Rain, snow, and irrigation are the natural sources of water that infiltrate the soil. Other sources of water include active injection, pipe leaks, and liquid disposal. The fraction of infiltrating water that drains below the plant root zone and reaches the water table is called recharge. In many locales, this recharge water can be a significant contributor to groundwater resources. Watersheds that are recharge zones are increasingly subject to governmental protections as the value of the groundwater resource increases. Besides groundwater quantity, recharge can affect groundwater quality. The recharge water may initially contain contaminants. (e.g., pipe leaks or liquid disposal) or the water may pass through buried wastes and mobilize contaminants. In either case, the recharge water can then transport the contaminants to the groundwater and affect water quality.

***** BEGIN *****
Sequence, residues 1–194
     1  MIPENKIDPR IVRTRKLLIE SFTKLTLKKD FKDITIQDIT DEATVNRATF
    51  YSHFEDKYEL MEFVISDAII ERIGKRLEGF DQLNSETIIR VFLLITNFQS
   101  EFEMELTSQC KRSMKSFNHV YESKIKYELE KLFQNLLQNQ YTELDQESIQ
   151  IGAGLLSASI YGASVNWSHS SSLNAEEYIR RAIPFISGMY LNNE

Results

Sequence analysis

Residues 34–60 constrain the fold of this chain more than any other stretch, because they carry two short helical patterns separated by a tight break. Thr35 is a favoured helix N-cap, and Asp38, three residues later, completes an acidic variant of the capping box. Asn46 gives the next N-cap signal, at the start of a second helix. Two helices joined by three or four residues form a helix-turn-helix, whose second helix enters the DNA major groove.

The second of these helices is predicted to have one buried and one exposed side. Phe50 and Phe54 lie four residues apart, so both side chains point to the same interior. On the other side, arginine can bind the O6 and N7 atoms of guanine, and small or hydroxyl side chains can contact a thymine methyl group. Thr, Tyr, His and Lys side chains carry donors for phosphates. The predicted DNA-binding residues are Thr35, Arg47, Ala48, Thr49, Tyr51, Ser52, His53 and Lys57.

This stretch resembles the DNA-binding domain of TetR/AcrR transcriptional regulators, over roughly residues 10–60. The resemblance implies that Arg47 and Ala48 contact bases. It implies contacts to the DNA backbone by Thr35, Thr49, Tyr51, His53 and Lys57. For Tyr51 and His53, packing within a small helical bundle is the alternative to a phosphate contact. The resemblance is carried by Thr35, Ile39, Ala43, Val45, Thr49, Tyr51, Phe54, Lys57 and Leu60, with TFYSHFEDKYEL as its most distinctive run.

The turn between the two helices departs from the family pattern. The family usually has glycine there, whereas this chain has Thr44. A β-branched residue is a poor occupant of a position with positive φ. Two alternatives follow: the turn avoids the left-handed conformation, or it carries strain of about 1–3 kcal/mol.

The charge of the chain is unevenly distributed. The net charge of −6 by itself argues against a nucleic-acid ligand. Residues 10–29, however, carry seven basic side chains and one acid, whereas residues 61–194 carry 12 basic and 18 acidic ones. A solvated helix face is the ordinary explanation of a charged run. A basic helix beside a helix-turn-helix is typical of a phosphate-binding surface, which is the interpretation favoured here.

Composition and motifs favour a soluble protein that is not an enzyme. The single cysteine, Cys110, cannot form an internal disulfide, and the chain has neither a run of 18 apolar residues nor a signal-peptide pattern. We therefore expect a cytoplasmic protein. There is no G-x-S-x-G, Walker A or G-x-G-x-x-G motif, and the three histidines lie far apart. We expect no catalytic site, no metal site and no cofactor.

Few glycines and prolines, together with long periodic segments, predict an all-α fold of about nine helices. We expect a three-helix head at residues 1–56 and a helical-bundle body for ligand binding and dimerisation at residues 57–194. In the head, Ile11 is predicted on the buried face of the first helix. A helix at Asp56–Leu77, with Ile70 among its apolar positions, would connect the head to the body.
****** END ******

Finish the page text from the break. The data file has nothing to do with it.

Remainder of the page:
PNNL has been evaluating recharge rates for a variety of soil types and plant communities since the mid-1970s. We have analyzed methods to both increase recharge rates (for water resource purposes) and decrease rates (for buried waste isolation). We assist our clients in making informed decisions by using our laboratory, field modeling systems to:
- Collect multiyear datasets with which to test recharge model predictions
- Estimate recharge rates using experience, related field data, or numerical models
- Measure recharge rates directly
- Optimize surface cover design to minimize recharge
- Predict recharge rates for possible future waste site conditions
- Estimate the spatial distribution of recharge rates to serve as the upper boundary condition for groundwater models.